The Final Struggles: September 1864 to April 1865
Beginning of the End
Who pulled the bayonet from Samuel Eddy’s chest?
Practically every town in the United States has a Civil War hero, but Chesterfield, Massachusetts—the author’s hometown—is especially proud of Samuel Eddy, a private in the 37th Massachusetts Volunteers. A blacksmith, the forty-three-year-old Eddy had already served in at least a dozen engagements, but the Battle of Sayler’s Creek is where he showed his mettle to the extreme. A Confederate plunged his bayonet into Eddy’s chest and then twisted it. Using his Spencer rifle, Eddy killed his assailant, then pulled the bayonet out. The pain from the thrust was not so bad, he claimed, but the rebel had twisted the bayonet after thrusting it. Eddy was in bad shape that afternoon, and one of his fellows, Sergeant William Shaw, thought this might be the last of him. But Eddy survived and lived another forty-odd years.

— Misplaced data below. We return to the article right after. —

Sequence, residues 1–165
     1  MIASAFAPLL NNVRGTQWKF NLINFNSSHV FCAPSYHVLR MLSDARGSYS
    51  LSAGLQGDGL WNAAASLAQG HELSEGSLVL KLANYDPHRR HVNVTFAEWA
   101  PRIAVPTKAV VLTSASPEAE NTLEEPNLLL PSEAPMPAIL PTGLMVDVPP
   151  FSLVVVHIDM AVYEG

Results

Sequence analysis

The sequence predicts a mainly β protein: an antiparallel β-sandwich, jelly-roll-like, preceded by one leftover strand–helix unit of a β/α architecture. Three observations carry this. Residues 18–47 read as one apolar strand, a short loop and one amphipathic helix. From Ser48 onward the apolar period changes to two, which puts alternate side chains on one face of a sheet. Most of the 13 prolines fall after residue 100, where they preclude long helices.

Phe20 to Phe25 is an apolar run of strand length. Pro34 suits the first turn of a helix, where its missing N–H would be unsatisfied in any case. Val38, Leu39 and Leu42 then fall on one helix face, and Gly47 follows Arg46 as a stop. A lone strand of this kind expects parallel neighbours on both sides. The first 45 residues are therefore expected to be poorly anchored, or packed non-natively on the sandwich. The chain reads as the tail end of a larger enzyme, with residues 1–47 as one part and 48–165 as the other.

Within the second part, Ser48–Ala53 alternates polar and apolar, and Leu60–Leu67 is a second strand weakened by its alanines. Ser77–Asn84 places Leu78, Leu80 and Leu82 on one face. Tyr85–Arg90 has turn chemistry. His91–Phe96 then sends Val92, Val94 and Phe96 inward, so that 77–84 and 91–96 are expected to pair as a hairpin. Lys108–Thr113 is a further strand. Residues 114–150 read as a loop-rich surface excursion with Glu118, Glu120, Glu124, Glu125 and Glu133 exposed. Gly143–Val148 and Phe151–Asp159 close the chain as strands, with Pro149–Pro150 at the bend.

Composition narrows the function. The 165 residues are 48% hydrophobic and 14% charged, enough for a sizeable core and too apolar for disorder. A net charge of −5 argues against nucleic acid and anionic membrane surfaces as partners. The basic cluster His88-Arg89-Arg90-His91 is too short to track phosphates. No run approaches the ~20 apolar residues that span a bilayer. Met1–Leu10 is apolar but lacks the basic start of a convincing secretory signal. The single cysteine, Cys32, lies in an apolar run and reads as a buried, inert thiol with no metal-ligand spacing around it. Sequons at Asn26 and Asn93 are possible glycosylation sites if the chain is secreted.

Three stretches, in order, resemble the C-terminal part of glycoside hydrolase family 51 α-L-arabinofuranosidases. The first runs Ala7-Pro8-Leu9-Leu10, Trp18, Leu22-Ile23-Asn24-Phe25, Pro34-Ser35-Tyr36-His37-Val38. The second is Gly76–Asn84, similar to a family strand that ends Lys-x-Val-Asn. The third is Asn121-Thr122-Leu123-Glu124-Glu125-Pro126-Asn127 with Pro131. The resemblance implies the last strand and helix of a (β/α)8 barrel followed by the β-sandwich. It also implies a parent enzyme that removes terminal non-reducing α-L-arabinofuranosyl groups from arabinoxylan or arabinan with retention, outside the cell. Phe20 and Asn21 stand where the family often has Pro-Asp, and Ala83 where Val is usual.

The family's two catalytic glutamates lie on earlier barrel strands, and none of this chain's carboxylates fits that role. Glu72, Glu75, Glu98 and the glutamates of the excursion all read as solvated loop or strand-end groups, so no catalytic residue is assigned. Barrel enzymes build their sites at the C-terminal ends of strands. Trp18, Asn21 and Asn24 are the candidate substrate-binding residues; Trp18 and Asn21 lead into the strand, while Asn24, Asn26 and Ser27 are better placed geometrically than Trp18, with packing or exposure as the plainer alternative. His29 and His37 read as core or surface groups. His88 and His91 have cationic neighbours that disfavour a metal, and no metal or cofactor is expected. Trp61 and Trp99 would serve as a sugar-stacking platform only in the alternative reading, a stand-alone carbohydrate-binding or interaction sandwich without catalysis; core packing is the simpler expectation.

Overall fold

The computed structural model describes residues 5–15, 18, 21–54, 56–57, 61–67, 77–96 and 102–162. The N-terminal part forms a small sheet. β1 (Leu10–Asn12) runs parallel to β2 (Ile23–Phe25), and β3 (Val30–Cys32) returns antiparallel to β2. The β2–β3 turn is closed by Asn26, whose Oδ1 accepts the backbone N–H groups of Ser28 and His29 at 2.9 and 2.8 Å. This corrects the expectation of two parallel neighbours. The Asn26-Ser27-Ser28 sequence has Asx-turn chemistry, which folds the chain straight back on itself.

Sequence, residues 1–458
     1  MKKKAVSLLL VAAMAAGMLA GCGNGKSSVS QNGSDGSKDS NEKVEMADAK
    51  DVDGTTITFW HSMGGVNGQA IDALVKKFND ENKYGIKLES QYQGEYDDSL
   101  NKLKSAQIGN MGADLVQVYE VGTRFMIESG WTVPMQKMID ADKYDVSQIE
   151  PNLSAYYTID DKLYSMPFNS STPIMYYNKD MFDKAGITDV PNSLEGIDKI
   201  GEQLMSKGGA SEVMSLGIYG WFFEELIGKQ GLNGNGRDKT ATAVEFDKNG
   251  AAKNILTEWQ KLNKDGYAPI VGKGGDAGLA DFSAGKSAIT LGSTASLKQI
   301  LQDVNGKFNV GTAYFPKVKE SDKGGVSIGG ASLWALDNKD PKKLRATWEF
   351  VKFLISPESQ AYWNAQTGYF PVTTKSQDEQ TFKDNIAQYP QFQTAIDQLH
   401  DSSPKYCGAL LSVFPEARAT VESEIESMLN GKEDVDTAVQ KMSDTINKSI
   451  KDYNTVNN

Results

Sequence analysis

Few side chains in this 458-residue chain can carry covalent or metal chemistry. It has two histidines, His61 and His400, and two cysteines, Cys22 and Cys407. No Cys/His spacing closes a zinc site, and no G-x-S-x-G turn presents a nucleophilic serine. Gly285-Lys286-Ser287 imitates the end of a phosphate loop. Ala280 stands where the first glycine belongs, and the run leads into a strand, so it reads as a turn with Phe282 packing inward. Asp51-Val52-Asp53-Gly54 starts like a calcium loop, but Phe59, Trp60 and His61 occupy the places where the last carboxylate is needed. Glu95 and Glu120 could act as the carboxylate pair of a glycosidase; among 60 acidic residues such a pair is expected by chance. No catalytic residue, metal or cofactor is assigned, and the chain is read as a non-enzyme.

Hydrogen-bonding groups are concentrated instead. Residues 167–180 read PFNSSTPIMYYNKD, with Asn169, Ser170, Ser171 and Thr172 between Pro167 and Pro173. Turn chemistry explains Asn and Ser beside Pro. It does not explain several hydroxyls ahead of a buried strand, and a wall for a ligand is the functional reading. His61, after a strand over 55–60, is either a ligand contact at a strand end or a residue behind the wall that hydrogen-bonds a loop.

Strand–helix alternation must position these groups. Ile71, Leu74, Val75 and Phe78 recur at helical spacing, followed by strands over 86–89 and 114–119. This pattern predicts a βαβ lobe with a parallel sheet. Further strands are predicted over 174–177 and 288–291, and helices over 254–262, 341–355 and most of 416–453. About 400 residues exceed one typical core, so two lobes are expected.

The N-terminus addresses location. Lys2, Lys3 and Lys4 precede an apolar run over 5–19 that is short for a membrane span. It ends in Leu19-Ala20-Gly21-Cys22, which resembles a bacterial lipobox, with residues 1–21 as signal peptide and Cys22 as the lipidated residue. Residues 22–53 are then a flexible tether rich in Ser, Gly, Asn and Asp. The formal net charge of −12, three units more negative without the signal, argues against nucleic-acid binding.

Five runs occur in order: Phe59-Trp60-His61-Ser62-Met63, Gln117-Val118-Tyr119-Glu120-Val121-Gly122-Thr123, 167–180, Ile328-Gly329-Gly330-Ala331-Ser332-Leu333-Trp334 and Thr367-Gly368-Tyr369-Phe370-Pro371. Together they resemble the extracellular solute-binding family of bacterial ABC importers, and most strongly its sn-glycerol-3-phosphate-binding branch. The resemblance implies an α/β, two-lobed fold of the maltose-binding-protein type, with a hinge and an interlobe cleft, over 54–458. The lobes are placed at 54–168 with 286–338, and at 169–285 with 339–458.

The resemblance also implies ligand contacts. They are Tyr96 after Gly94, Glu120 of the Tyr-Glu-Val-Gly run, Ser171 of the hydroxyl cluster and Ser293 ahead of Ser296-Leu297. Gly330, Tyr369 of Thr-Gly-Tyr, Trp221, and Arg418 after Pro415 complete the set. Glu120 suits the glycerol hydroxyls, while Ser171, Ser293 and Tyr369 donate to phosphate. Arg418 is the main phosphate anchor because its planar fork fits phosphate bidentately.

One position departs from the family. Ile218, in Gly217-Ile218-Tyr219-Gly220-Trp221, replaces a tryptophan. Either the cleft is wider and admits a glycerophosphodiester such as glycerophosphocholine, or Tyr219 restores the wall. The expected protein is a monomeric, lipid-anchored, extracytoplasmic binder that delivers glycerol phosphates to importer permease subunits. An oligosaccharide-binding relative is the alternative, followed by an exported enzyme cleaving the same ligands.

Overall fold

Eddy was awarded the Congressional Medal of Honor for his service, but by one of those odd chances, it was never given to him. Therefore, in 1982, a special ceremony, as well as a reenactment of the Battle of Sayler’s Creek, was held in Eddy’s hometown of Chesterfield. The Medal of Honor was finally bestowed, 117 years after the fact!